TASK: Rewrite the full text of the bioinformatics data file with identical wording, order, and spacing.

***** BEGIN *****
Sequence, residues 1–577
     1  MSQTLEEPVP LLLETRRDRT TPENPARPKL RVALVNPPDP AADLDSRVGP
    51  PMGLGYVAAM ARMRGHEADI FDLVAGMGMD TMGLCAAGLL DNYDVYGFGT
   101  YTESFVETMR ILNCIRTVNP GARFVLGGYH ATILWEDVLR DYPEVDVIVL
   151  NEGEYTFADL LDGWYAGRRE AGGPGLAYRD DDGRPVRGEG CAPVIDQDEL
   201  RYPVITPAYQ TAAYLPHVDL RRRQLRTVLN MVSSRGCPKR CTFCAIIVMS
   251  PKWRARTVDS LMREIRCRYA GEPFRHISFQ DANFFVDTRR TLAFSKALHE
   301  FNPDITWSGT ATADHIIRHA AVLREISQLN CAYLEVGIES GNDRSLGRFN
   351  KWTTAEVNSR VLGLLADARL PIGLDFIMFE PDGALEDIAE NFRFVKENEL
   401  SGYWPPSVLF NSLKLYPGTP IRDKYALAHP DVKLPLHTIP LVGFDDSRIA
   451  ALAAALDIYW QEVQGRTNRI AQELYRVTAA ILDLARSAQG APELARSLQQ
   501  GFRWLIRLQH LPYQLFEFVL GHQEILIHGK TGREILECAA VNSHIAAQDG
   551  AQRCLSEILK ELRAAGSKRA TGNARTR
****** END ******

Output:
Sequence, residues 1–577
     1  MSQTLEEPVP LLLETRRDRT TPENPARPKL RVALVNPPDP AADLDSRVGP
    51  PMGLGYVAAM ARMRGHEADI FDLVAGMGMD TMGLCAAGLL DNYDVYGFGT
   101  YTESFVETMR ILNCIRTVNP GARFVLGGYH ATILWEDVLR DYPEVDVIVL
   151  NEGEYTFADL LDGWYAGRRE AGGPGLAYRD DDGRPVRGEG CAPVIDQDEL
   201  RYPVITPAYQ TAAYLPHVDL RRRQLRTVLN MVSSRGCPKR CTFCAIIVMS
   251  PKWRARTVDS LMREIRCRYA GEPFRHISFQ DANFFVDTRR TLAFSKALHE
   301  FNPDITWSGT ATADHIIRHA AVLREISQLN CAYLEVGIES GNDRSLGRFN
   351  KWTTAEVNSR VLGLLADARL PIGLDFIMFE PDGALEDIAE NFRFVKENEL
   401  SGYWPPSVLF NSLKLYPGTP IRDKYALAHP DVKLPLHTIP LVGFDDSRIA
   451  ALAAALDIYW QEVQGRTNRI AQELYRVTAA ILDLARSAQG APELARSLQQ
   501  GFRWLIRLQH LPYQLFEFVL GHQEILIHGK TGREILECAA VNSHIAAQDG
   551  AQRCLSEILK ELRAAGSKRA TGNARTR